If Nigeria must be at that Summit, going by these attacks coming in the wake of an obviously already planned trip to Brazil, who says the Vice-President could not have stood in for the President? This would have given ‘thumbs up’ for Mr. President, and portrayed him as being sensitive to the plight of Nigerians. Leaders are known to have even aborted their foreign trips, mid air, for concern towards unsavoury happenings at home.
It is not the number of foreign trips to “attract foreign investors” that should be played up, but how positively Nigerians perceive their president as being caring that counts more. Going by the fit former president Obasanjo achieved by being one of most travelled presidents, one would have expected the number of foreign investors, attracted by his travels, to have out numbered Nigerian citizens by now. I still recall a national newspaper, “ThisDay”, expressing its disgust towards these countless trips in its front-page headlines during Obasanjo’s tenure.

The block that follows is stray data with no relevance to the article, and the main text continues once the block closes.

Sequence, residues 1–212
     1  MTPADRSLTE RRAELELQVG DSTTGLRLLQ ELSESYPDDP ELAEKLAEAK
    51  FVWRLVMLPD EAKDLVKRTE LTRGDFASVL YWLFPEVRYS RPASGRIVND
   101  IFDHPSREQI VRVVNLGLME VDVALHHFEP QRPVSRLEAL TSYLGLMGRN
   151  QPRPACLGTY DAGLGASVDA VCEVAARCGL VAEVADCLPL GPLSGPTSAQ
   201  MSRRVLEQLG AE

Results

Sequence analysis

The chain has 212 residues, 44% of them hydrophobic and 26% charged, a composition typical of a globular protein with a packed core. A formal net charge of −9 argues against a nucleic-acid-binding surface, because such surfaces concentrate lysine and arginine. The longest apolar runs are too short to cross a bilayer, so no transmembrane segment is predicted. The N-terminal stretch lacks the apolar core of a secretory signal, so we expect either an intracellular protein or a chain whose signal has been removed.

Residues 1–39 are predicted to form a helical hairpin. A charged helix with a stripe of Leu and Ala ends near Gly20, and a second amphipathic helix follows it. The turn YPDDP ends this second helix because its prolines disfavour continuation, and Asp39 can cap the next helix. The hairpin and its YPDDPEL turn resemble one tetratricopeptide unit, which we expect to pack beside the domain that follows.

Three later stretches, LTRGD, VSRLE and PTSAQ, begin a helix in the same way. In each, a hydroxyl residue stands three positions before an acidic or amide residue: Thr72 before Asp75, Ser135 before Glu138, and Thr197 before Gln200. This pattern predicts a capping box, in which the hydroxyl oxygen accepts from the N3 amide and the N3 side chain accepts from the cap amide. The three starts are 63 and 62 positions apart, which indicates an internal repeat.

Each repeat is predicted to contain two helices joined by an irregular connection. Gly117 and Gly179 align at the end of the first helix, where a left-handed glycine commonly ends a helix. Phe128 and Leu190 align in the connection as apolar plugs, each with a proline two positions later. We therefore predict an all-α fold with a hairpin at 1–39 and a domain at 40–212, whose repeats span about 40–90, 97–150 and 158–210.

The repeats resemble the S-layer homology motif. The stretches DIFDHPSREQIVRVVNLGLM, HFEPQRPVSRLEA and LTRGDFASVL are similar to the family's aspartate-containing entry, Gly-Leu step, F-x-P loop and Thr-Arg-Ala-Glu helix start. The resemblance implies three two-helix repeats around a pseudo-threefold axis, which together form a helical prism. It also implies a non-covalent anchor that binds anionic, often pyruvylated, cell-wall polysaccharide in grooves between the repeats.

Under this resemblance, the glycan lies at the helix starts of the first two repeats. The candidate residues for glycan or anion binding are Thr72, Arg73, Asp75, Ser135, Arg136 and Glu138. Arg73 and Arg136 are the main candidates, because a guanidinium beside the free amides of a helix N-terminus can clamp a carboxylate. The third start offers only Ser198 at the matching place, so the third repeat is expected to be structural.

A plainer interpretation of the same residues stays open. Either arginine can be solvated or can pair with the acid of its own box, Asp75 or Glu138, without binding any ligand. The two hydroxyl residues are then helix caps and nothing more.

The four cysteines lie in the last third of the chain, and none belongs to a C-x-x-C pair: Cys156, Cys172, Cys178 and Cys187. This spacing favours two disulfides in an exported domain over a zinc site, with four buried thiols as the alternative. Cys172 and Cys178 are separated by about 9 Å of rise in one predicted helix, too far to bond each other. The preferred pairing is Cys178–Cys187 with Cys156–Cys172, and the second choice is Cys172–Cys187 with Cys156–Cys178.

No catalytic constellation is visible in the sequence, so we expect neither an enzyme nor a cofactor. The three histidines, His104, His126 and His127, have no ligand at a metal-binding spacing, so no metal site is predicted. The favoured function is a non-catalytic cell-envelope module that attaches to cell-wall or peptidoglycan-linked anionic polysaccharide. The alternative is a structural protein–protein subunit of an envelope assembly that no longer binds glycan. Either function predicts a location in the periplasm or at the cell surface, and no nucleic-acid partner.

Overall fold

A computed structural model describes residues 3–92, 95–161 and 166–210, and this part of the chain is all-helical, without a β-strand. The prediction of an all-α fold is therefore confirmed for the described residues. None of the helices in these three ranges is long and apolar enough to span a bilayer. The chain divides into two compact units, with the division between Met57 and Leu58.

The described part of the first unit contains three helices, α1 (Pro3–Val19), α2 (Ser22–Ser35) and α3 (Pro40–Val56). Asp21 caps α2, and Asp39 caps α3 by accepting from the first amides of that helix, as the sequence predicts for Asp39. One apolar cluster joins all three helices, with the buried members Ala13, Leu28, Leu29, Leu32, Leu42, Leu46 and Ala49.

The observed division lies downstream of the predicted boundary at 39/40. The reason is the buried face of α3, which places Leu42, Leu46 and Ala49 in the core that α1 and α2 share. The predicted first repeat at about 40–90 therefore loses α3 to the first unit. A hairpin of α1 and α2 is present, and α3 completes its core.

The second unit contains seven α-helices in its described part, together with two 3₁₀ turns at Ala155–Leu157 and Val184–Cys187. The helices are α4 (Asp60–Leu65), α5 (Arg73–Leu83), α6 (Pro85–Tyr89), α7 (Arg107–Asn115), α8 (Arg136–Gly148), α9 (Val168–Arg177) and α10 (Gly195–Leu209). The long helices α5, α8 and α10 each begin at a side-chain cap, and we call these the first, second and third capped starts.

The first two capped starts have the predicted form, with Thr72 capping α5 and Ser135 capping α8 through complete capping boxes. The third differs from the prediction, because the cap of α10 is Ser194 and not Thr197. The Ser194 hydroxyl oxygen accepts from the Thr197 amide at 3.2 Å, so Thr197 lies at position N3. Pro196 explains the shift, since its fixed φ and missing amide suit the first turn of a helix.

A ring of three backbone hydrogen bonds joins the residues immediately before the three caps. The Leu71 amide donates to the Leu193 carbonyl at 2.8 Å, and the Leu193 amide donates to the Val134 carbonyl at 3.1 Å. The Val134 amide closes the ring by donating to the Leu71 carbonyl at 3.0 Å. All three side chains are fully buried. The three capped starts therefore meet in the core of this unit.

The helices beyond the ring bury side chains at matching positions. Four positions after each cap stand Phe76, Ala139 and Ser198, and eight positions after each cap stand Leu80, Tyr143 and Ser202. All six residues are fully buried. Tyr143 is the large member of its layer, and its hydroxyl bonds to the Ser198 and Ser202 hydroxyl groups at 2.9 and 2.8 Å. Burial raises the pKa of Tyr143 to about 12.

May I hint that a growing public impression about a presidential penchant for being at all events, outside Nigerian shores, that demand participation of heads of government (now almost a monthly affair) calls for some restraints. This gives cause for not being taken seriously in line with the saying that, “a neighbour who visits so often wears out his welcome”. All is obviously not well at home. These foreign trips should be curbed.